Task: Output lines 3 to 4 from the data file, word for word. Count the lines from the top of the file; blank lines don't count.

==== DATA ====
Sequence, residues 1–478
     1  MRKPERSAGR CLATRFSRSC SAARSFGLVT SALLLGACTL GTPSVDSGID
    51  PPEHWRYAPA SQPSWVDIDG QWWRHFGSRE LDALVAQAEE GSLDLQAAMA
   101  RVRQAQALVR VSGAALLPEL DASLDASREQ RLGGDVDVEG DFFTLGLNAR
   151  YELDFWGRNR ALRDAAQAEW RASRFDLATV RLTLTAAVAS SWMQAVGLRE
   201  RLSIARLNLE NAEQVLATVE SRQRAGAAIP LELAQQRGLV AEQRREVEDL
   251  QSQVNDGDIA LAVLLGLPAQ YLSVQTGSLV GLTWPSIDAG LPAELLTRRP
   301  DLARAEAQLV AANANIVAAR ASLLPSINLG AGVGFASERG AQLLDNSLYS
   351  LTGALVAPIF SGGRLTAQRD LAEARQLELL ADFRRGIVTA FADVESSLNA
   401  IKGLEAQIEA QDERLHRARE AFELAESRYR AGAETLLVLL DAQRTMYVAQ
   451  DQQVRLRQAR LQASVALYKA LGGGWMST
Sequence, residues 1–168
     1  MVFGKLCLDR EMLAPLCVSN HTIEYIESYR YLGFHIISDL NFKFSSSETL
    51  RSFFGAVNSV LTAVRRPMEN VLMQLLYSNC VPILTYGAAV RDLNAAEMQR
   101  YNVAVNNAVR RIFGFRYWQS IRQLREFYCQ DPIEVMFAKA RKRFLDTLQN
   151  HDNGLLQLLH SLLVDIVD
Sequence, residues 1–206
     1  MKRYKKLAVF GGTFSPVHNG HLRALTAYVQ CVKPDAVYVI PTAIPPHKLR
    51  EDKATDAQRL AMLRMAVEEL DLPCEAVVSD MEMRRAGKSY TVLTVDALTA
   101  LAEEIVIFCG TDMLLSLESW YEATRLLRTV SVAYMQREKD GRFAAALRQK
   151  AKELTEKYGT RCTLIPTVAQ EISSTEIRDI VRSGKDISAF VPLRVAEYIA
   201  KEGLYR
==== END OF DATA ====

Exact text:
    51  PPEHWRYAPA SQPSWVDIDG QWWRHFGSRE LDALVAQAEE GSLDLQAAMA
   101  RVRQAQALVR VSGAALLPEL DASLDASREQ RLGGDVDVEG DFFTLGLNAR